Are you thinking of making a career change? Maybe you don’t derive any job satisfaction from your work anymore. Or maybe you don’t see eye-to-eye with your boss. Or maybe your life has changed and you want more work-life balance.
For whatever reason, you should keep the following guidelines in mind before you hand in that resignation letter. This is how you can make your exit a graceful one.
Maintain your enthusiasm. When there’s a dissatisfaction factor that’s prompting you to consider leaving, you may lose enthusiasm for your job. Don’t allow this to happen to you. Whatever situation comes up, you should do your job well. Keep working with the same passion as you did when you showed up on your first day. Continue coming to work on time, and working overtime when necessary.
Don’t be a workplace cancer. No matter what makes you feel discontented, don’t try to influence your coworkers to see things the way you do, or try to solicit sympathy from others. This sort of behavior disrupts team spirit, which in turn affects productivity. And when bad feelings spread throughout the office, it’s easy to trace it all back to you. This could damage your reputation. Remember, your complaints are yours alone. Don’t try to make them everyone else’s.
Be professional. It’s likely that your future employer is a competitor of your current company. Respect the confidentiality of your present employer’s secrets. Also, don’t let the clients you service know about your intention to leave. They are your company’s clients, not yours. Tell them only after you’ve finalized your plan to take up a new job. No matter what the industry, all jobs demand the same degree of professionalism.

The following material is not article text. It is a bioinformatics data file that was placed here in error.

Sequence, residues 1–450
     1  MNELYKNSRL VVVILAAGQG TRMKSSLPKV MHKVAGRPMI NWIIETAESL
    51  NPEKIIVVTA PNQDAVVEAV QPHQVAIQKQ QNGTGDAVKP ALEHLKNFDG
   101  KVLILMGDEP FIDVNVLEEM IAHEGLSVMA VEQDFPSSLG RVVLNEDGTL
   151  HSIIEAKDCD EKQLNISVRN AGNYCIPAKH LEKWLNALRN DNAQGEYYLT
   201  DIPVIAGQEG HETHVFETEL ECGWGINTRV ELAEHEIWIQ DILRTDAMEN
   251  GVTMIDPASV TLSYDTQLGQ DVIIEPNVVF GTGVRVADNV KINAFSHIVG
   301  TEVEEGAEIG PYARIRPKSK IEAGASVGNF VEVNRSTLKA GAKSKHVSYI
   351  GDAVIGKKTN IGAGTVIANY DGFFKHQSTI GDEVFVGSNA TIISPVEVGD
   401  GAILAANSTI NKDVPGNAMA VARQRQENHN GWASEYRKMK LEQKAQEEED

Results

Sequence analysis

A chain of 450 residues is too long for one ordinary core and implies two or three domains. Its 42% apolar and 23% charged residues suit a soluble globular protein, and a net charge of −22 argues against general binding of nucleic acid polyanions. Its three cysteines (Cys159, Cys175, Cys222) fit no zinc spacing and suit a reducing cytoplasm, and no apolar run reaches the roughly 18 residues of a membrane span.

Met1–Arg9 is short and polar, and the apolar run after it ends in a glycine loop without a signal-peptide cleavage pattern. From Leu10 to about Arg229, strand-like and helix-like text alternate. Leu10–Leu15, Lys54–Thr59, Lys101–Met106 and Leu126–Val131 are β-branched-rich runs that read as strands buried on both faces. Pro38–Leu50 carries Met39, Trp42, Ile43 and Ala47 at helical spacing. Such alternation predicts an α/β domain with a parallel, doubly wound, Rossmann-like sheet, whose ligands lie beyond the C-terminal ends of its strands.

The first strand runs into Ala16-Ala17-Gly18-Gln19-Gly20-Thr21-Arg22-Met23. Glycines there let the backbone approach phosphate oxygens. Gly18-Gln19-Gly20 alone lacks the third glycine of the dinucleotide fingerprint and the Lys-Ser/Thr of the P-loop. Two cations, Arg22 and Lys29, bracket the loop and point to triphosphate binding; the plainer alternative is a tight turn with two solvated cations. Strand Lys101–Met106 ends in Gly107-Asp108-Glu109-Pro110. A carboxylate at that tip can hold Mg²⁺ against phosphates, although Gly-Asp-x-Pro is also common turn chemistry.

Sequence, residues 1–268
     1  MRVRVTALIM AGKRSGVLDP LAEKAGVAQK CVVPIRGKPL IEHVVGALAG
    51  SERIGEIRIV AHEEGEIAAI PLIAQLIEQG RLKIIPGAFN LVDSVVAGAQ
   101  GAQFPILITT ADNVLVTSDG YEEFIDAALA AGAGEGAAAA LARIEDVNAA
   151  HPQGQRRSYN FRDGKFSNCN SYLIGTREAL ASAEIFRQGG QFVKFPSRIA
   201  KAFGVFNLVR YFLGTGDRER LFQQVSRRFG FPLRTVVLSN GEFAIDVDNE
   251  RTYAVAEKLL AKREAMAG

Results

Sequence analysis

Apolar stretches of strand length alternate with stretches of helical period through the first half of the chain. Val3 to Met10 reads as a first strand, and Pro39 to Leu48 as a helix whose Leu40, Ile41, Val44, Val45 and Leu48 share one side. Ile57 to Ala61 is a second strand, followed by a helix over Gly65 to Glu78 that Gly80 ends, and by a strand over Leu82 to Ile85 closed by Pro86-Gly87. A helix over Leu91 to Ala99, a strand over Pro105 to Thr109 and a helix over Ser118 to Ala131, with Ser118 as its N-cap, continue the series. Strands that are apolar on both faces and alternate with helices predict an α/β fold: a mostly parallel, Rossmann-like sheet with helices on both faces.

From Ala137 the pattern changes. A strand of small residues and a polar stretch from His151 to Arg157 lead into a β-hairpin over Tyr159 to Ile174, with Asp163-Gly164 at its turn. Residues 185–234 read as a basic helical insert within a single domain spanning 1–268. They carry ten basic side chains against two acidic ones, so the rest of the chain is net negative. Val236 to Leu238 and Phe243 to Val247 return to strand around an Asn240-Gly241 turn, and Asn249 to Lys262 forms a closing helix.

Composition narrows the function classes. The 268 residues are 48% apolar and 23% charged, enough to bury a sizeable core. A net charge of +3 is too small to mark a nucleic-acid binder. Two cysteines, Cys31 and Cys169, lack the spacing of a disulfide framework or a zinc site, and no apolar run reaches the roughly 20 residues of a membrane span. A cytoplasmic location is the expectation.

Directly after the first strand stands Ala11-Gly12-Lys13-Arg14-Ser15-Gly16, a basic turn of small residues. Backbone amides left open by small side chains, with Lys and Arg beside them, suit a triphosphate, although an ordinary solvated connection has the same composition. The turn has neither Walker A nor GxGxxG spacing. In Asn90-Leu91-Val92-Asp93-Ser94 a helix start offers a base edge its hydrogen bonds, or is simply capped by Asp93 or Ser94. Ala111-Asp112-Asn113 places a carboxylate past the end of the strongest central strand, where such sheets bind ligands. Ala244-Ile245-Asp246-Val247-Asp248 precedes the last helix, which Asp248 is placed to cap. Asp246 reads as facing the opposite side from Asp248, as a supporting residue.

Keep quiet. It’s human nature to want to “talk out” your grievances, especially when they’re disturbing you badly. If you really want to speak out, share your thoughts only with one or two close officemates you can trust. If you tell too many people how you feel, word could spread fast.
Don’t get unrealistic. A possible alternative to quitting is going to your boss and telling him, “I’ll stay if…” No matter what follows that “if,” no boss wants to hear this sort of thing from a subordinate. It’s like saying, “Give me what I want or I’m quitting.” You may not get what you want, and you lose whatever respect your boss had for you.
To conclude, when you go through the process of changing jobs, you have to be sure to keep your good name intact. No matter what rewards await you at your new company, it’s unwise to leave behind a damaged reputation.
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